Title: Lost Dimension
Reviewed On: PS3
Release Date: 7/28/2015
A copy of this game was provided by the publisher for purpose of review.
This article will be a continuation of my preview of Lost Dimension published last week, so please go read that first if you would!
Lost Dimension is a game that lives and dies by its gameplay. It has an excellent battle system that rewards thinking over simple brute force — difficult to execute without stifling the player. It is actually possible to take an entire turn to fall back just out of enemy range and then sit and watch as your foes come running forward only to be slaughtered the next turn. You also see this implemented with great success in the game’s assist system, which allows players to set up their party in particular formations to maximize damage.
Unfortunately, this reliance on gameplay above all else also means that Lost Dimension suffers in other areas — namely plot and characters. Lost Dimension really has no overarching plot and most of the game’s background information is thrown out in large chunks in character profiles buried in the information menu, beside tutorial reviews and other bland information. This means that for large chunks of the game, you have nothing to do but humor Persona-esque dialogue with your teammates, check your equipment, then dive into yet another battle to advance the game. There are no long story cut-scenes in Lost Dimension, no deep conflicts between characters, and really no conflict at all beyond, “get to the top of the tower and kill The End.” It’s really hard to care about the plot. There’s some character development — you’ll definitely feel something when several of them eventually turn traitor. But the main protagonist Shou is as bland as a white bread — despite being a telepath, Shou’s talent is never utilized in battle, and serves only as an excuse to implement the psychic dives that hint at treachery before it happens.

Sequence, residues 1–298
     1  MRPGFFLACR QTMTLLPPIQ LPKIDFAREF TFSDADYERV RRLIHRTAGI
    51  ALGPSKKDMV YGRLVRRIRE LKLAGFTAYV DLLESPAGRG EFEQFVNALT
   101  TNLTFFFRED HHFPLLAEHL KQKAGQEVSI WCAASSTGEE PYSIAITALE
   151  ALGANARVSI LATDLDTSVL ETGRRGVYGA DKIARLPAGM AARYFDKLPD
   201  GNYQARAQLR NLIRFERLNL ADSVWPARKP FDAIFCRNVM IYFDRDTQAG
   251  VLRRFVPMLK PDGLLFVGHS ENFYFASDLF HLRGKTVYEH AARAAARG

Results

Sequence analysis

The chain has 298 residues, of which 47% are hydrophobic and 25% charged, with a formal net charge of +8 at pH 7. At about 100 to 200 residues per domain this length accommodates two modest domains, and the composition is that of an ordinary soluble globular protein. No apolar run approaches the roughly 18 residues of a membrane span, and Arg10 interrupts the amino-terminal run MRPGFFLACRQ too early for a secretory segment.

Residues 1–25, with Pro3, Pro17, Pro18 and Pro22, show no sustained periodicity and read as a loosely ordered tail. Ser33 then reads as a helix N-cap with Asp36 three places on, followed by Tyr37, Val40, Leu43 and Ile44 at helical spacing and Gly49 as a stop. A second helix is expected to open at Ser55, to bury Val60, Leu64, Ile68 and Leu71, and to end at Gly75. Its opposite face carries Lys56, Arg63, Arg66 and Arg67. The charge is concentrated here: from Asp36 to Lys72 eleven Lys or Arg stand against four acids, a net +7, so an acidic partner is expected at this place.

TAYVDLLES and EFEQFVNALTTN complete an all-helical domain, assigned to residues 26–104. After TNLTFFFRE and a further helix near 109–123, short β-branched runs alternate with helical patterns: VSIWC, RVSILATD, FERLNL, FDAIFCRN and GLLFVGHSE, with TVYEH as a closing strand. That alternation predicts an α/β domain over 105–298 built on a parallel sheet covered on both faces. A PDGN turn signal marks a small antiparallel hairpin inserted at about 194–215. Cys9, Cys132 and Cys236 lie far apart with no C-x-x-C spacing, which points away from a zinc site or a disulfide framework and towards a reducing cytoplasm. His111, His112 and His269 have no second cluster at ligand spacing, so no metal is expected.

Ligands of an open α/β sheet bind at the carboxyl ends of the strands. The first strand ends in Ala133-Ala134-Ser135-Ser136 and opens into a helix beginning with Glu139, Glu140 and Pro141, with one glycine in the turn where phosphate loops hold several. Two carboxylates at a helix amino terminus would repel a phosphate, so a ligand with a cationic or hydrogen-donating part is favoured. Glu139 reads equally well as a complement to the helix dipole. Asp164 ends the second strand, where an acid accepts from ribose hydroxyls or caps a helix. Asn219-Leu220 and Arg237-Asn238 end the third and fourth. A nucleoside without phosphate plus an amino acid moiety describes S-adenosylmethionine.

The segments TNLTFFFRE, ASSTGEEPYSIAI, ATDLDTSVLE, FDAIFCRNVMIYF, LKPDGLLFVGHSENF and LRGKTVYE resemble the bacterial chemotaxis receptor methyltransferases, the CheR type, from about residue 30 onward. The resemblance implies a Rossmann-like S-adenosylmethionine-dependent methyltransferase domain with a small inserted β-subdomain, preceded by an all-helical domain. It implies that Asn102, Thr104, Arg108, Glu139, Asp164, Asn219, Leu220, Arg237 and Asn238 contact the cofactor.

With no substantial story, Lost Dimension is a pretty short ride. Clocking in at about 20-30 hours, (including every side and character quest) it’s fun game that leaves you wanting more, simple as that. Sure, the game does have a secret ending that is unlocked on a second playthrough once you’ve maxed out everyone’s bond with Shou, but you likely won’t be able to justify the grind. This lack of replay value is perhaps one of Lost Dimension’s biggest shortcomings: its gameplay and mechanics are strong but are implemented in an overall experience that simply does not reward subsequent playthroughs or extended plays like other modern JRPGs might.
So what does all of this mean? Well, as long as you don’t come into Lost Dimension expecting a deep story or lengthy quest, then you will be pleasantly rewarded with one of the best original SRPGs of this console generation. If you’ve been looking for a SRPG to play, or just want something to bridge the gap between now and the release of this fall’s big RPG titles, then you will not be disappointed by Lost Dimension.
All of this earns the game a 8/10.
[signoff predefined=”APGN Call to Action”][/signoff]